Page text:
Cherokee Nation Opens New Gallery Shop inside Tahlequah Cort Mall

(L to R) Callie Chunestudy and Laura Doss, Cherokee Nation Commerce; Jodeen Worth, Tahlequah Area Chamber of Commerce; Cherokee Nation Principal Chief Bill John Baker; Shannon York, Cherokee Nation Commerce; Dr. Isabel Baker, Tahlequah Area Chamber of Commerce and First Mother of the Cherokee Nation; Arielle Barnett, Bank of Cherokee County; Anna Knight, Shay Smith and Donna Tinnin, Cherokee Nation Commerce; Kevin Scrapper, Cherokee Casino Tahlequah; Cami Highers, Northeastern State University; and Stephen Highers, Cherokee Nation Commerce and newly elected Tahlequah City Councilor.

(L to R) Callie Chunestudy and Laura Doss, Cherokee Nation Commerce; Jodeen Worth, Tahlequah Area Chamber of Commerce; Cherokee Nation Principal Chief Bill John Baker; Shannon York, Cherokee Nation Commerce; Dr. Isabel Baker, Tahlequah Area Chamber of Commerce and First Mother of the Cherokee Nation; Arielle Barnett, Bank of Cherokee County; Anna Knight, Shay Smith and Donna Tinnin, Cherokee Nation Commerce; Kevin Scrapper, Cherokee Casino Tahlequah; Cami Highers, Northeastern State University; and Stephen Highers, Cherokee Nation Commerce and newly elected Tahlequah City Councilor.

TAHLEQUAH, OKLAHOMA —The Cherokee Nation recently celebrated the opening of its new Gallery Shop, a gift shop inside the Cort Mall in downtown Tahlequah that offers everything from handmade coffee mugs and beaded earrings to wall décor in the Cherokee syllabary made by Native artists.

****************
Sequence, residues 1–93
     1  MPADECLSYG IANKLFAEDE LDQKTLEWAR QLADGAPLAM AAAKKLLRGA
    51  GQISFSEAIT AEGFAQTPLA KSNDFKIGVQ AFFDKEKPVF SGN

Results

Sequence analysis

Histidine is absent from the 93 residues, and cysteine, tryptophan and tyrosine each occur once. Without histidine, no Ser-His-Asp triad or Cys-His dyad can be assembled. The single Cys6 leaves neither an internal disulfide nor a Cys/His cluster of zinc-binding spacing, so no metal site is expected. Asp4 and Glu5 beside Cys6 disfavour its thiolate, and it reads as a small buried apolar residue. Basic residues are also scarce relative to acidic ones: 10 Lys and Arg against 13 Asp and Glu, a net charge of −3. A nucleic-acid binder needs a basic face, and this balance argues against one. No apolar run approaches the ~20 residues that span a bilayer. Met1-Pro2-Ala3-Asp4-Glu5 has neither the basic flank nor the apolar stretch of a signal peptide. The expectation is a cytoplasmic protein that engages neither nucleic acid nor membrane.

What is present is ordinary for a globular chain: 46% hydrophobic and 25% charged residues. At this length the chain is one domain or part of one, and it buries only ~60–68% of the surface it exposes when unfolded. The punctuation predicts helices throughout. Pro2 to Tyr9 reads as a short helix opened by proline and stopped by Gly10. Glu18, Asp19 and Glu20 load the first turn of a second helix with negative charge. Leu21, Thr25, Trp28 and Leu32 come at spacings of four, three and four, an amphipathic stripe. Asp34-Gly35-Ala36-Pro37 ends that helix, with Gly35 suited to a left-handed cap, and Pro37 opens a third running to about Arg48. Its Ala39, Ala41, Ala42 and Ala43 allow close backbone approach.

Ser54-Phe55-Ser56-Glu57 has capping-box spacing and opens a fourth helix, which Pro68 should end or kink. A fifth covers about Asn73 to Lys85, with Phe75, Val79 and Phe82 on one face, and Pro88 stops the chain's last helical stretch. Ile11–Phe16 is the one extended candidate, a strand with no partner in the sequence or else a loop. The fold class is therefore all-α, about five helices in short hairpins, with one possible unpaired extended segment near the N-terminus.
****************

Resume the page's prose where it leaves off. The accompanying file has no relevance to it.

The Gallery Shop, at 215 S. Muskogee Ave., houses more than a dozen Cherokee artists’ work. It’s located directly across from the Spider Gallery.

Cherokee Nation Principal Chief Bill John Baker, Cherokee Nation Commerce leaders and Tahlequah Chamber of Commerce members cut a ribbon during a grand opening ceremony earlier this month.

“Everything displayed in the Spider Gallery is unique,” said Donna Tinnin, the tribe’s community tourism manager. “We noticed people would do a lot of looking at the Cherokee art pieces but often weren’t purchasing anything. So, we wanted to offer people the opportunity to purchase something that was still handcrafted by Cherokee artists, but smaller items that may be more adequate for their budget.”

Hand-beaded jewelry, postcard prints, miniature gourd turtles, graphic T-shirts, commercial reed baskets and handmade coffee mugs that range in price from $10 to $100 are just a few items available at the Gallery Shop.

Artists’ work featured in the Spider Gallery goes through a selective screening process. The Gallery Shop allows more Native artists to display their work in a less rigorous way.

Matthew Anderson, 45, is a self-taught artist from Tahlequah. The Cherokee Nation citizen has gourds and pottery in the Spider Gallery and has handmade coffee mugs for sale in the Gallery Shop to appeal to a wider array of shoppers.

“Larger pieces of art take longer to produce, which makes them more of a high-end piece,” said Anderson. “When artists start moving things in a new retail environment, everything sells more quickly, giving them more of an opportunity to make and sell more items.”

Cherokee Nation Commerce oversees the Gallery Shop, Spider Gallery and Kawi Café, all located inside the Cort Mall, which is owned by the Cherokee Nation. The department also has a Small Business Assistance Center that helps entrepreneurs with loans and Cherokees with mortgage assistance to buy homes as well as programs that cater to artist development.

For more information on the Spider Gallery or the Gallery Shop, call 918-453-5728.

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